The House of Representatives will vote Wednesday on whether to make Rep. Paul A. Gosar (R-Ariz.) the first member of Congress to be formally censured since 2010 — and only the second since 1983 — after his Twitter account posted an altered anime video depicting him killing Rep. Alexandria Ocasio-Cortez (D-N.Y.).

Gosar could also join Rep. Marjorie Taylor Greene (R-Ga.) in losing his committee assignments. Greene was sanctioned earlier this year for, among other things, having also promoted violence against Democrats.

The process is again being spearheaded by those same Democrats, while Republicans seem prepared to mostly give Gosar a pass, as they did with Greene. Whether it actually merits censure is now being debated. But one thing is abundantly clear: The explanations for the GOP giving Gosar that pass don’t really add up.

Republicans have generally been tight-lipped about the situation since Gosar posted the video more than a week ago. They have been down this road many times in the Trump era, in which extreme lawmakers have been emboldened to do and say such things (Donald Trump himself often promoted metaphorical violence against his foes), and mum is generally the strategic word.

But the Democrats’ push to censure Gosar has now forced Republicans to weigh in. And Tuesday and Wednesday, they pretended as if Gosar had backed off.

White House principal deputy press secretary Karine Jean-Pierre on Nov. 9 condemned the posting of an animated video by Rep. Paul A. Gosar (R-Ariz.). (Reuters)

House Minority Leader Kevin McCarthy (R-Calif.) stated that lawmakers could not “accept any action or showing of a violence to another member.” But he blamed the post on Gosar’s staff and noted that Gosar had deleted the video after they spoke on the phone about the matter.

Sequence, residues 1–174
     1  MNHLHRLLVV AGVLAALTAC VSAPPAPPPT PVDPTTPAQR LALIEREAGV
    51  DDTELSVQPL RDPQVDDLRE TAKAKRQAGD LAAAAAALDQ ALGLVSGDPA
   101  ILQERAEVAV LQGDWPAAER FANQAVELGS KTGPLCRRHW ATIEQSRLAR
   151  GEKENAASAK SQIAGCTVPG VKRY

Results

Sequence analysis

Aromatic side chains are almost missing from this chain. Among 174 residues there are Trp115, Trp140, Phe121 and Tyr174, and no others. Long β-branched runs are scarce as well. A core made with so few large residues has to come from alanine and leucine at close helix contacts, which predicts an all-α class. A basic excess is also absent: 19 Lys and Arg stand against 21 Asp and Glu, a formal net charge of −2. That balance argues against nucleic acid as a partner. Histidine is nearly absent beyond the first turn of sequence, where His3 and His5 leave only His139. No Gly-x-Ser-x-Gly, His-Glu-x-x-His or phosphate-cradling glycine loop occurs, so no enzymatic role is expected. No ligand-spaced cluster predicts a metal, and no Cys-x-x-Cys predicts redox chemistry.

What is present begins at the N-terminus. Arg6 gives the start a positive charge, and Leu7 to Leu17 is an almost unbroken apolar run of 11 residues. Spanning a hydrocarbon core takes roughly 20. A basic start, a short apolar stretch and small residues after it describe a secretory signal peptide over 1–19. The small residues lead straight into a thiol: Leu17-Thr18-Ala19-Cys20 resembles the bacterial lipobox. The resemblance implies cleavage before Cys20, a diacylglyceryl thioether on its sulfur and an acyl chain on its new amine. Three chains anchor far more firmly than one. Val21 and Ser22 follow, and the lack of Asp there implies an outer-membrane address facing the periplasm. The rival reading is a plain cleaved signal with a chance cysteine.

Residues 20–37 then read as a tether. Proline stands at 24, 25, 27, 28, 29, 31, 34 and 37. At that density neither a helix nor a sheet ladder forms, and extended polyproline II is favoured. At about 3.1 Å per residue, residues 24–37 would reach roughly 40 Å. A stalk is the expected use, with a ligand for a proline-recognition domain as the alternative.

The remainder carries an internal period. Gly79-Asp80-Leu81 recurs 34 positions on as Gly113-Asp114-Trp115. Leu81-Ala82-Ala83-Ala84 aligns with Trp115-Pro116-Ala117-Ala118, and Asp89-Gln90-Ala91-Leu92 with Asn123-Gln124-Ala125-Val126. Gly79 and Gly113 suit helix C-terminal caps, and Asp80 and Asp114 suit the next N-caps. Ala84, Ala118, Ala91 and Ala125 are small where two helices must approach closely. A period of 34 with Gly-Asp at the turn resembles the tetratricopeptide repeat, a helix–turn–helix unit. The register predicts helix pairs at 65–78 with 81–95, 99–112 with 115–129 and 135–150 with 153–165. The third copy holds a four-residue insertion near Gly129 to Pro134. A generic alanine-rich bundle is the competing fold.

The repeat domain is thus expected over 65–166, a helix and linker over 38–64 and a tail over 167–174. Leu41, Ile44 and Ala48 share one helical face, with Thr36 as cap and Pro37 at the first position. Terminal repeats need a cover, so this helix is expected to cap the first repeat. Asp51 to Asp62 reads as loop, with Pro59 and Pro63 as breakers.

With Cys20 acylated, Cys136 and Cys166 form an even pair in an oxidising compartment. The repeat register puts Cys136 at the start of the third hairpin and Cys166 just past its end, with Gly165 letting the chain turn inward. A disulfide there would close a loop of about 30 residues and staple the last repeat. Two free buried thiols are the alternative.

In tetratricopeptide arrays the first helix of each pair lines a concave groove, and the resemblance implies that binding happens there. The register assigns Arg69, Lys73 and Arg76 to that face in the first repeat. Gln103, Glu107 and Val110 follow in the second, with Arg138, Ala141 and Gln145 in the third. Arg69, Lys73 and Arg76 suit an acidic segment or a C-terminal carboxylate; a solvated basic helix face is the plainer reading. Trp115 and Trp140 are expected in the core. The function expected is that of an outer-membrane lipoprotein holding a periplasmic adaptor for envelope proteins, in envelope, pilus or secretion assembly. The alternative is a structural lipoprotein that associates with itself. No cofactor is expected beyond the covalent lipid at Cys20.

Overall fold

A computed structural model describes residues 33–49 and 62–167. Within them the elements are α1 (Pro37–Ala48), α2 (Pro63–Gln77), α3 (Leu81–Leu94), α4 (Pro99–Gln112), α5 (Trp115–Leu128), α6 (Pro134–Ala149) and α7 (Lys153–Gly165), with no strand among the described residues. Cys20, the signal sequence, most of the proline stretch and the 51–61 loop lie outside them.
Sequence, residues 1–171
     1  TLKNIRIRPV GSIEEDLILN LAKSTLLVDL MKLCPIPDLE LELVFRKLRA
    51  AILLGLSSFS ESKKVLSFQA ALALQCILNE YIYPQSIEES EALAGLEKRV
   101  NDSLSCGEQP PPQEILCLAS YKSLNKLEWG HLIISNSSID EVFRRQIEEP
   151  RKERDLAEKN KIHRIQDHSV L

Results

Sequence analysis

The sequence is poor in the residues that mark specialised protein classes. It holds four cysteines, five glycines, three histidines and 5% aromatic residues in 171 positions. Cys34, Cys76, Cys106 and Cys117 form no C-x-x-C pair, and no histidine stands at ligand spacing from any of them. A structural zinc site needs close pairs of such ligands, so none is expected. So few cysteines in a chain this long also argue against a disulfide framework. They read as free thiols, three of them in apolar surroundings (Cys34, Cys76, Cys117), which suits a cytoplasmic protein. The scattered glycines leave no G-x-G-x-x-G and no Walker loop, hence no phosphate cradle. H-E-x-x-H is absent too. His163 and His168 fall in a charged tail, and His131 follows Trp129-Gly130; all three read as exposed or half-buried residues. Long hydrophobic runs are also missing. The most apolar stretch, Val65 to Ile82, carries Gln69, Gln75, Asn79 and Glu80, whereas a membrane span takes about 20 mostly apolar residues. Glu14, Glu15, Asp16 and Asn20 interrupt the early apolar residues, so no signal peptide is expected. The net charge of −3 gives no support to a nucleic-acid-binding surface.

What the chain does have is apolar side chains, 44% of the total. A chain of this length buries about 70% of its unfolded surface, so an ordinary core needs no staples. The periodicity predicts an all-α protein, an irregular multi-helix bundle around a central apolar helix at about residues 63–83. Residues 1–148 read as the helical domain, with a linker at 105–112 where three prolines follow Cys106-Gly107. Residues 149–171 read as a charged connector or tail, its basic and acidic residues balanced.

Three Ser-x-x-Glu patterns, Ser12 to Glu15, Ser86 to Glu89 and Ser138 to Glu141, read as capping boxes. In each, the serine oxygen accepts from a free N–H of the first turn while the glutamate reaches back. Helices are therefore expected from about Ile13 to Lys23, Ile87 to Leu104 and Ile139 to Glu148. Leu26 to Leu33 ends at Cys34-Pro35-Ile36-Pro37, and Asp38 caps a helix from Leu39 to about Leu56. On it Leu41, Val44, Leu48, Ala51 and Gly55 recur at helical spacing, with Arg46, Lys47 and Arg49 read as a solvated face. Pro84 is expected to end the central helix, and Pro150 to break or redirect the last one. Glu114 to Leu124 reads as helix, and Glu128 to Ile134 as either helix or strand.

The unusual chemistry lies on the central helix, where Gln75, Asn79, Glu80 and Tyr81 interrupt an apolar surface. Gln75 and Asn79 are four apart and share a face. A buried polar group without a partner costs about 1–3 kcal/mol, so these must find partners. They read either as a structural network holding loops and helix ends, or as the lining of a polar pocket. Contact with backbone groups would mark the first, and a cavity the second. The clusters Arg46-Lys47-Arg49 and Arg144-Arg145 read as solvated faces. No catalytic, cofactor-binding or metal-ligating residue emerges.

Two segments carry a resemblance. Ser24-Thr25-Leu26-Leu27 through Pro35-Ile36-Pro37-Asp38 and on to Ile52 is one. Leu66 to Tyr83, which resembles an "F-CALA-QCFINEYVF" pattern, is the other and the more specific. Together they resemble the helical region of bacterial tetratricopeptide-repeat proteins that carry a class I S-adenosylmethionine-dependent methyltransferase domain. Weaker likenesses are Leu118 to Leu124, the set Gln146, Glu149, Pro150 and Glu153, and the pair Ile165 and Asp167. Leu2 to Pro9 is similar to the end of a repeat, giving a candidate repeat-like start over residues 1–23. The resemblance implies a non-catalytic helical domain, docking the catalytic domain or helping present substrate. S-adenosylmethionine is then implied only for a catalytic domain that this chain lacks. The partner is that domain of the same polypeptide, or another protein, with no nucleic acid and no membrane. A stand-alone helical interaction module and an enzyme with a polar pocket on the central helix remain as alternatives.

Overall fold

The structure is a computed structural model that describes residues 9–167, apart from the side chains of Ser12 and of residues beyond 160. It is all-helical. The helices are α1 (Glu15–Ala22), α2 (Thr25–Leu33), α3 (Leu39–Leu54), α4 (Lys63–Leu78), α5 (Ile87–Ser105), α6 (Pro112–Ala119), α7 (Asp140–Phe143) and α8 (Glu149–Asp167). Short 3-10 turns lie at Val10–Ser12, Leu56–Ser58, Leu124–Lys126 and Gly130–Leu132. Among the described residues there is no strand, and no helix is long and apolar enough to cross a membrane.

“He didn’t see it before it posted,” McCarthy said. “It was not his intent to show any harm.”

House Minority Whip Steve Scalise (R-La.), who was himself the victim of political violence when he was shot at a congressional baseball practice in 2017, echoed McCarthy’s comments. “He put out a statement, and he took the video down,” Scalise told CNN.

As the House took up the matter Wednesday, Rep. Tom Cole (R-Okla.) said that Gosar had admitted “to a lapse of judgement,” and Rep. Matt Gaetz (R-Fla.) stated that Gosar "has already addressed his misguided decision.”

Even Rep. Mario Diaz-Balart (R-Fla.), one of just 11 Republicans who voted to strip Greene of her committees, said, “I thought it was despicable, but he took it down and apologized.”

That would seem to leave the impression that Gosar regretted the episode. Punchbowl News even reported Tuesday that Gosar had expressed such regret to his fellow Republican House members. It said he “apologized.”

Except Gosar himself says that didn’t happen. While touring right-wing media in his defense, Gosar said: “I explained to them what was happening. I did not apologize. I said this video didn’t have anything to do with harming anybody.”

Gosar’s office also indicated shortly after the situation blew up that there were, indeed, no regrets.